During the summer break I set my self the challenge of learning to be a Developer. After all we are asking teachers to learn this skill, so it was a case of ‘practice what you preach’ . My starting point was to find a coding package to learn. That was easy, there are so many free resources available, so I choose Touchdevelop . Next , I needed some help. I found on the Touchdevelop site a series of helpful tutorials and courses and also a couple of names I recognised from the Partners in Learning Network, David Renton and Ray Chambers. A few tweets later and I was ready to go. Or so I thought, Ray (@lanky_boi_ray) asked me ‘What did I want to make?’ . That sort stumped me for awhile , but I suspect it maybe something teachers and students also face. ‘What shall I make?’, a game seemed the obvious choice, but I have Kodu for that. Then Ray offered me a piece of advice. He suggested that ‘is there something that you seemly do repeatedly that an app could replace?’ This was a great start to my thinking, and I quickly found and activity where I spend a lot of time emailing lists of links of free resources, this could be replaced by an App.
So during my holiday instead of reading, I coded! On my Surface RT I might add. As I worked through my plan , I discovered different techniques and you will probably see some of these in the App. I have purposely left it ‘hobbyist’, hoping that it will inspire people that learning to code is not the difficult task they might perceive it to be and they too can get an App in the Windows Store after three weeks of learning. I can’t lie to you, I feel quite proud of myself.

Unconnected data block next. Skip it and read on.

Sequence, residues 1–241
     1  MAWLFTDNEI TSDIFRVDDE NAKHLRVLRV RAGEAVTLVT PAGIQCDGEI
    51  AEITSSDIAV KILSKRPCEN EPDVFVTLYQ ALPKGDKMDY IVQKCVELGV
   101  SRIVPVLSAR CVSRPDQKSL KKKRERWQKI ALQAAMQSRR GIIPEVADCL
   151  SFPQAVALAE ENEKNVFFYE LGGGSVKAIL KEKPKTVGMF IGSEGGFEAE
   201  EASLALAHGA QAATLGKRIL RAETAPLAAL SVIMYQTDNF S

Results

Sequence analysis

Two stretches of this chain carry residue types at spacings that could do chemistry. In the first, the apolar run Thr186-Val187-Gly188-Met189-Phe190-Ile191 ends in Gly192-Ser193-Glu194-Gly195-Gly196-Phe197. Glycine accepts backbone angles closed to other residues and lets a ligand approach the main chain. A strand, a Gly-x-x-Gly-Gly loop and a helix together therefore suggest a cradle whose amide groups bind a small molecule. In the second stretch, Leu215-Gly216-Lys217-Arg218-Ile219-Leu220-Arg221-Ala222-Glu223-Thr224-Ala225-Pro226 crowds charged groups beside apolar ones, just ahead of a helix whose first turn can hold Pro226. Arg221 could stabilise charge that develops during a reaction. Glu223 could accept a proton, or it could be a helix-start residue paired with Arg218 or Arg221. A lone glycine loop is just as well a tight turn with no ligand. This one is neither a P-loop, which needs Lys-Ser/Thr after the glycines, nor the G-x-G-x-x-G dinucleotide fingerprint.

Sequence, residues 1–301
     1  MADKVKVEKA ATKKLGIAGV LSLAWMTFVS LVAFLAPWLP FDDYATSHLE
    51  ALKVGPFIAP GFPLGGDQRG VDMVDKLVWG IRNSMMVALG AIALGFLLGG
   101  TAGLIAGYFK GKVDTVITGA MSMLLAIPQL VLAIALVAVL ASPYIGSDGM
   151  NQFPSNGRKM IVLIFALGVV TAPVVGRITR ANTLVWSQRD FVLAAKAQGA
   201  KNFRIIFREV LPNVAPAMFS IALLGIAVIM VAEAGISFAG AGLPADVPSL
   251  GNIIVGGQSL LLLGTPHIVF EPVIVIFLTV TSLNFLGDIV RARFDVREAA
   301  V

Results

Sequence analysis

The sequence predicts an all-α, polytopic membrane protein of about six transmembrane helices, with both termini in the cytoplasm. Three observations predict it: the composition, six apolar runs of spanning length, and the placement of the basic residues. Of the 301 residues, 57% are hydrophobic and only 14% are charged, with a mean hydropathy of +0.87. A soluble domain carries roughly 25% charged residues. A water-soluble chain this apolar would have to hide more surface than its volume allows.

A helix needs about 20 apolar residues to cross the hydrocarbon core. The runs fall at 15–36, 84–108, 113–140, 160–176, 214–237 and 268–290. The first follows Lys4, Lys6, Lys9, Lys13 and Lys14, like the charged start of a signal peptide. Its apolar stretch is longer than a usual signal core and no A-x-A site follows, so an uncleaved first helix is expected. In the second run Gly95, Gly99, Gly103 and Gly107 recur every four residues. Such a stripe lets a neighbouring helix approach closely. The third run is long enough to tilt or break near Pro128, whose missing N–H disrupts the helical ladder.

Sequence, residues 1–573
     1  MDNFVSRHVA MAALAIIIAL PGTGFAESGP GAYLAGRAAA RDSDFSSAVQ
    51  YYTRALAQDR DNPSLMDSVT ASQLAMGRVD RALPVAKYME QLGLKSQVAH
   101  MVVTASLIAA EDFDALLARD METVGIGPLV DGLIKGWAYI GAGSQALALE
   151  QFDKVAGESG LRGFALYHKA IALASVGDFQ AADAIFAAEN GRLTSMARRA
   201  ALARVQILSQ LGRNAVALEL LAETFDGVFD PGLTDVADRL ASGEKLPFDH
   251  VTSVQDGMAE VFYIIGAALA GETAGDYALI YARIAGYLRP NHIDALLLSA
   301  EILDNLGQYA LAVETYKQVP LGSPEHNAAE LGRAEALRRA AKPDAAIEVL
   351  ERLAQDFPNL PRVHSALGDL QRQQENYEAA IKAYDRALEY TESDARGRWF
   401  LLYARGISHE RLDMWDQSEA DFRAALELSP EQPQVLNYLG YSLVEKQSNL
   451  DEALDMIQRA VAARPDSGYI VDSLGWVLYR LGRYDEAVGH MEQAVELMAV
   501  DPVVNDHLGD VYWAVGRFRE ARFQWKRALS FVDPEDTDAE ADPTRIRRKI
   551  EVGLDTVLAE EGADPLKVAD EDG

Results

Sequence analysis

So what does the app do?
The App is a simple menu interface that links the many free resources that not just Partners in Learning has, but have been produces by the whole Microsoft UK Education Team.
The app is like a ‘one stop shop’ for these resources. So you will find
You can download the App for free at the Windows Store
I would welcome any comments and feedback on this App. I will be updating it regularly, now what shall I try next?
Thanks to Ray Chambers and Dave Renton for their support and inspiration.
Today is the 10th anniversary of Partners in Learning, I really can't believe it has been that long. I have had the privilege to be with programme from it’s conception as a teacher and now I have the honour of working with the most amazing teachers in the UK and the World. I thought it would be apt to celebrate this milestone by sharing the thought of Nicki Madams a Microsoft Innovative Expert Educator and Global Forum Award Winner.
My Journey with Partners in Learning by Nicki Maddams
In the last year my Partners in Learning journey has grown incredibly. From winning an award in Prague in December to launching and delivering the Kodu Kup; it has been a real whirlwind.